As competition heats up, health drink brands like GSK, Mondelez, Nestle get more aggressive with promotions and promises. Sohini Das reports.
India is among the fastest growing markets for health drinks but, prosperity is a mixed blessing for the brands that control the ₹7,260-crore-category in the country. While increasing health consciousness among consumers is fueling growth, it is also drawing more players into its fold, thus making malt-based drink labels run faster to stay at the same spot.
Companies such as Nestle, GSK, Mondelez and others are casting their net wider for customers, introducing new products and rebooting communication strategies.
Popularly known as health drinks, the malt-based drink market has grown by 10 per cent in 2016 over the previous year; and in fact, 22 per cent from the 2014 levels. But market shares of leading brands in this category have remained flat.
Category leader Horlicks (a GSK Consumer Healthcare brand) saw its market share inch up to 51.8 per cent in 2016 compared to 51.4 per cent in 2015, as per data sourced from Euromonitor. GSK has three more brands in the list of top 10 health drinks in India; Boost, Maltova and Viva.
Apart from Maltova, the other brands tell a similar story when it comes to market shares.
The beginning of the year saw some action in the category when Nestle brought back health drink Milo, which it had discontinued about a decade ago and French multinational Danone SA launched Protinex Grow around February.
Danone SA was strategic in its choice of markets for the initial launch; Karnataka and West Bengal; together they constitute around 22 per cent of the total health food drinks (HFD) market in India. The company had said at the time of launch that it has aggressive product launch plans (10 launches lined up for this year), and aims to double its sales in the nutrition portfolio. In fact, it is eyeing a 10 per cent share of the market by 2020.
Horlicks has been the market leader for years, positioning itself around the planks of nostalgia and nutrition. But with competition from old hands such as Nestle and relatively new entrants into the market such as Danone, GSK Consumer Healthcare said recently that it is revamping the brand's communication strategy. It recently appointed a new ad agency FCB India in June-July this year for Horlicks, moving away from its long-time partner JWT India.
Jayant Singh, global lead, nutrition & digestive health category, GSK Consumer Healthcare said, "In keeping with the constantly evolving market conditions there is a need to adapt to connect with the new age consumer. We decided to reset our communication to best support Horlicks, challenging ourselves to ensure that we have the best insights, creativity and talent in line with our brand strategy as we embark on a new phase with the Horlicks brand."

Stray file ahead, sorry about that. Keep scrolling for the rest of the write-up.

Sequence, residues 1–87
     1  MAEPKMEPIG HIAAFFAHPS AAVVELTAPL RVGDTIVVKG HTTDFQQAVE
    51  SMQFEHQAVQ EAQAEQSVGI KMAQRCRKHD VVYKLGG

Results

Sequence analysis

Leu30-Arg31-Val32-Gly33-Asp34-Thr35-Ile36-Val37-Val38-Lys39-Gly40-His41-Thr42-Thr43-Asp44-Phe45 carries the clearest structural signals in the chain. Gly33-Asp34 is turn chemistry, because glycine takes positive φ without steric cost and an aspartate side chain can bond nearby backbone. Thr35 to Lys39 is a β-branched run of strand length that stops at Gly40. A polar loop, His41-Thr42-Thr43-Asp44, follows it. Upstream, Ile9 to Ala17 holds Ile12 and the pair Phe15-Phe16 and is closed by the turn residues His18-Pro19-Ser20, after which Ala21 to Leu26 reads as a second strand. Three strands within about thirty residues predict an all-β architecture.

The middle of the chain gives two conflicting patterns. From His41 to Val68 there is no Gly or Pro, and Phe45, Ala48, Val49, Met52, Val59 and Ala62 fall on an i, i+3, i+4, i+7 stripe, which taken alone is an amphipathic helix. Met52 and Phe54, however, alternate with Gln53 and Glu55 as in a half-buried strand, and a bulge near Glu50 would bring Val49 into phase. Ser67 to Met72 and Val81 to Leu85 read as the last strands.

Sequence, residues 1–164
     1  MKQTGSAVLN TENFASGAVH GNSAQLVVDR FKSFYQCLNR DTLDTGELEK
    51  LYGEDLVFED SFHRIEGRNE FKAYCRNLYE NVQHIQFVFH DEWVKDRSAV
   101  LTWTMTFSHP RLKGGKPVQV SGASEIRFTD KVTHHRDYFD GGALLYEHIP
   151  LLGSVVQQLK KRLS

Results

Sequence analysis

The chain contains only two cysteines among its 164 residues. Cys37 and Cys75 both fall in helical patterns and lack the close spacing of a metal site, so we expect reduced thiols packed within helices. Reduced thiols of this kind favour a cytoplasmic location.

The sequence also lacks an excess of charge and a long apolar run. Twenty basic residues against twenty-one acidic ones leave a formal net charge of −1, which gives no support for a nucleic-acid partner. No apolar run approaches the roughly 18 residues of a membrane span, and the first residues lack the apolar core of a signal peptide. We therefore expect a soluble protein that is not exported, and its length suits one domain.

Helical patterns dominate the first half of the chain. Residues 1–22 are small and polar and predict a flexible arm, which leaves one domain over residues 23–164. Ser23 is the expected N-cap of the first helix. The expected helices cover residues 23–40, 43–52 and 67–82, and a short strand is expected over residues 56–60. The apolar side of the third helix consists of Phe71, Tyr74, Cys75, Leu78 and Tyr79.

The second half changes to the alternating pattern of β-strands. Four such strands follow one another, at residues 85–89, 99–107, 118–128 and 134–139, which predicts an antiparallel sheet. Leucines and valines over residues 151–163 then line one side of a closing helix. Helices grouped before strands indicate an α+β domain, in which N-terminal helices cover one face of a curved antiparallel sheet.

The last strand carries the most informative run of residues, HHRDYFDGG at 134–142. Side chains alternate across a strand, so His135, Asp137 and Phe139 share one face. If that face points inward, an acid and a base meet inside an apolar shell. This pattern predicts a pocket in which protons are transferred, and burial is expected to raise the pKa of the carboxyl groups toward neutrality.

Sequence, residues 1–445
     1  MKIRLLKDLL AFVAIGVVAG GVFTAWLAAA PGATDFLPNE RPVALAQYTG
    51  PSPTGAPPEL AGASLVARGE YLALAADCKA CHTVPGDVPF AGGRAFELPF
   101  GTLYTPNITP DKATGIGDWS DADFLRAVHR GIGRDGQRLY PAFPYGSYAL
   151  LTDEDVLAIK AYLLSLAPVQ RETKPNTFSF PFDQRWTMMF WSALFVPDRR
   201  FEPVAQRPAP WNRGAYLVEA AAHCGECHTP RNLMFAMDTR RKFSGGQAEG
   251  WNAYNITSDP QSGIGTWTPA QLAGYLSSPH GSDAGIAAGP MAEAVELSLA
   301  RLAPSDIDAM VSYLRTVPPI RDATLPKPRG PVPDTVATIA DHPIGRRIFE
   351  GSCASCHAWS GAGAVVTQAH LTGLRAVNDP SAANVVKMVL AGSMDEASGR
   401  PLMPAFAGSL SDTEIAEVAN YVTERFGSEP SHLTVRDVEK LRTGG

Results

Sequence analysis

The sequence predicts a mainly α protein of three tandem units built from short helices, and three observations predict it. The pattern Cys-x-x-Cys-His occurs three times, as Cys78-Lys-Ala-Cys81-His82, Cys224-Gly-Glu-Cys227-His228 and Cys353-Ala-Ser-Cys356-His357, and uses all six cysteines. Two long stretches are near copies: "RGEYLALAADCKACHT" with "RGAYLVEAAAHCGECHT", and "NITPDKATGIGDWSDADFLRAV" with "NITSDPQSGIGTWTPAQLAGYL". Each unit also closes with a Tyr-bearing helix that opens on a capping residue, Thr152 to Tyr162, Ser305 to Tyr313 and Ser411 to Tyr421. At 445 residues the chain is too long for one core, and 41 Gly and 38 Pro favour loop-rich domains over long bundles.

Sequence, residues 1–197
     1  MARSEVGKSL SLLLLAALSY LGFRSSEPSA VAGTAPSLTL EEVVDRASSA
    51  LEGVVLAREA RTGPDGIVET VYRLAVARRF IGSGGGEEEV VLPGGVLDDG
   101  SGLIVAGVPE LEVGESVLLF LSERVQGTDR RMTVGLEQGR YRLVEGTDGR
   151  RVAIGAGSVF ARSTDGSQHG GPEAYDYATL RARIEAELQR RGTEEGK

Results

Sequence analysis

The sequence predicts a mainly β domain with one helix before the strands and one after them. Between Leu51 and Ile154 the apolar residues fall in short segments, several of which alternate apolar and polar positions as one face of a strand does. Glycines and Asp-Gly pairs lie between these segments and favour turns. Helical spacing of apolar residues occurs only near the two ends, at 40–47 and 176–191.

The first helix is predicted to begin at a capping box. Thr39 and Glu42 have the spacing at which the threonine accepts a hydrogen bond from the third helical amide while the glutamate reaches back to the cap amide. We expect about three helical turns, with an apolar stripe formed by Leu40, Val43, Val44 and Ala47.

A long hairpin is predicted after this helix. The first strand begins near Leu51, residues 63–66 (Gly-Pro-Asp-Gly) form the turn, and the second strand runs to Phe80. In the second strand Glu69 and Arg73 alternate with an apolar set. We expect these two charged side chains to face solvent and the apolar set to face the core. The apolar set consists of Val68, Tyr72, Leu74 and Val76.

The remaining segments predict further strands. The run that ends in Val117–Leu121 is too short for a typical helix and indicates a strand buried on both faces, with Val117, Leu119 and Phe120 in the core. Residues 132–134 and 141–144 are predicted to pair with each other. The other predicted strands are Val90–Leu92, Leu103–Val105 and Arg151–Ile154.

Arvind Bhandari, general manager, dairy, Nestlé India, said that the health drink market is one of the rapidly growing markets in India, which is one of the largest markets for malted health drinks in the world.
The company had earlier tried to tap the market in India (which is estimated to be around 41 per cent of the global market) in 1996 with its brand Milo, targeted at kids and teens. The product was, however, discontinued. Nestle re-launched Milo in a ready-to-drink format and not in its earlier powdered version at an affordable price (₹30 for an 180 ml pack).
"The pricing has been determined keeping in mind the mass audience our product intends to cater. Our national advertising campaign positioned it as a brand that encourages participation in sports from an early stage in life," Bhandari said.
Milo has said that its ready to drink beverage has lower sugar with less than 10 grams of added sugar per pack.
Mondelez says that it is trying to reduce the go-to-time in the market for its brand Bournvita, by reducing inventory pipeline with distributors.
To cut through the clutter, brands are increasingly becoming careful about their core positioning. Bournvita chose to target the grandparent, often the daytime caretaker of children with working parents, in its ad.
Danone smartly reverses the roles; a teenage girl admonishes her parents for not ensuring enough protein in her meals and asks them to stop giving her 'bachhowala (kids') drink'.
GSK's enhanced focus on Horlicks in India comes at a time when it is considering selling the business in the United Kingdom.
In India Horlicks contributes to nearly 75 per cent of its sales. In its first quarter results, the company has said that its HFD portfolio continues to be the market leader with 55.9 per cent value share and 64.1 per cent volume share (MAT June 2017). Horlicks had a 44.2 per cent value share and 49.9 per cent volume share (MAT June 2017). (MAT: moving annualturnover).